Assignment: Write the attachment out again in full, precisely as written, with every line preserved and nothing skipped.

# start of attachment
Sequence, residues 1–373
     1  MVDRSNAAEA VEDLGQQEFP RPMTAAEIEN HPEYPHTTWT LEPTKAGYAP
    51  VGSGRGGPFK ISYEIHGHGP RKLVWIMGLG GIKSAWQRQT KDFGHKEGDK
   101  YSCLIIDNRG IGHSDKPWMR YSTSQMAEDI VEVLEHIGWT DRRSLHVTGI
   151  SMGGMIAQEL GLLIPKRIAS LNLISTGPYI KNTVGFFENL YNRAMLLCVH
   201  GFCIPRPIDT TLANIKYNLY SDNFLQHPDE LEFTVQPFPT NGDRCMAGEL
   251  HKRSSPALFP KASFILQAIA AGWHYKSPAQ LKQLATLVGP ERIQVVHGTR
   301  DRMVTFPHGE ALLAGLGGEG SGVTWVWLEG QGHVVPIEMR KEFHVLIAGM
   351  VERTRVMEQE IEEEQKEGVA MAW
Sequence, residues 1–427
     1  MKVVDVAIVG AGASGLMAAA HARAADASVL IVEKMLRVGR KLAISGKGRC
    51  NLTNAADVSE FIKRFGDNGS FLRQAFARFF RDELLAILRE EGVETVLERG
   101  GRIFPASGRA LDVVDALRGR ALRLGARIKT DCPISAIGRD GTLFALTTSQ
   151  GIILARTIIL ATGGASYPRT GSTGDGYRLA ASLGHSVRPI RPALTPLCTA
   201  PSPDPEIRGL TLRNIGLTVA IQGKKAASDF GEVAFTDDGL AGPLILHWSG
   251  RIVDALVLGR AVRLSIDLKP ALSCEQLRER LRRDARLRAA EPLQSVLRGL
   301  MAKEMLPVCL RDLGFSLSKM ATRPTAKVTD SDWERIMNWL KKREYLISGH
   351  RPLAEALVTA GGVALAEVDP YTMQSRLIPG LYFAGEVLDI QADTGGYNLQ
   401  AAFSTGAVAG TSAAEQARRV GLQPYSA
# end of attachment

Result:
Sequence, residues 1–373
     1  MVDRSNAAEA VEDLGQQEFP RPMTAAEIEN HPEYPHTTWT LEPTKAGYAP
    51  VGSGRGGPFK ISYEIHGHGP RKLVWIMGLG GIKSAWQRQT KDFGHKEGDK
   101  YSCLIIDNRG IGHSDKPWMR YSTSQMAEDI VEVLEHIGWT DRRSLHVTGI
   151  SMGGMIAQEL GLLIPKRIAS LNLISTGPYI KNTVGFFENL YNRAMLLCVH
   201  GFCIPRPIDT TLANIKYNLY SDNFLQHPDE LEFTVQPFPT NGDRCMAGEL
   251  HKRSSPALFP KASFILQAIA AGWHYKSPAQ LKQLATLVGP ERIQVVHGTR
   301  DRMVTFPHGE ALLAGLGGEG SGVTWVWLEG QGHVVPIEMR KEFHVLIAGM
   351  VERTRVMEQE IEEEQKEGVA MAW
Sequence, residues 1–427
     1  MKVVDVAIVG AGASGLMAAA HARAADASVL IVEKMLRVGR KLAISGKGRC
    51  NLTNAADVSE FIKRFGDNGS FLRQAFARFF RDELLAILRE EGVETVLERG
   101  GRIFPASGRA LDVVDALRGR ALRLGARIKT DCPISAIGRD GTLFALTTSQ
   151  GIILARTIIL ATGGASYPRT GSTGDGYRLA ASLGHSVRPI RPALTPLCTA
   201  PSPDPEIRGL TLRNIGLTVA IQGKKAASDF GEVAFTDDGL AGPLILHWSG
   251  RIVDALVLGR AVRLSIDLKP ALSCEQLRER LRRDARLRAA EPLQSVLRGL
   301  MAKEMLPVCL RDLGFSLSKM ATRPTAKVTD SDWERIMNWL KKREYLISGH
   351  RPLAEALVTA GGVALAEVDP YTMQSRLIPG LYFAGEVLDI QADTGGYNLQ
   401  AAFSTGAVAG TSAAEQARRV GLQPYSA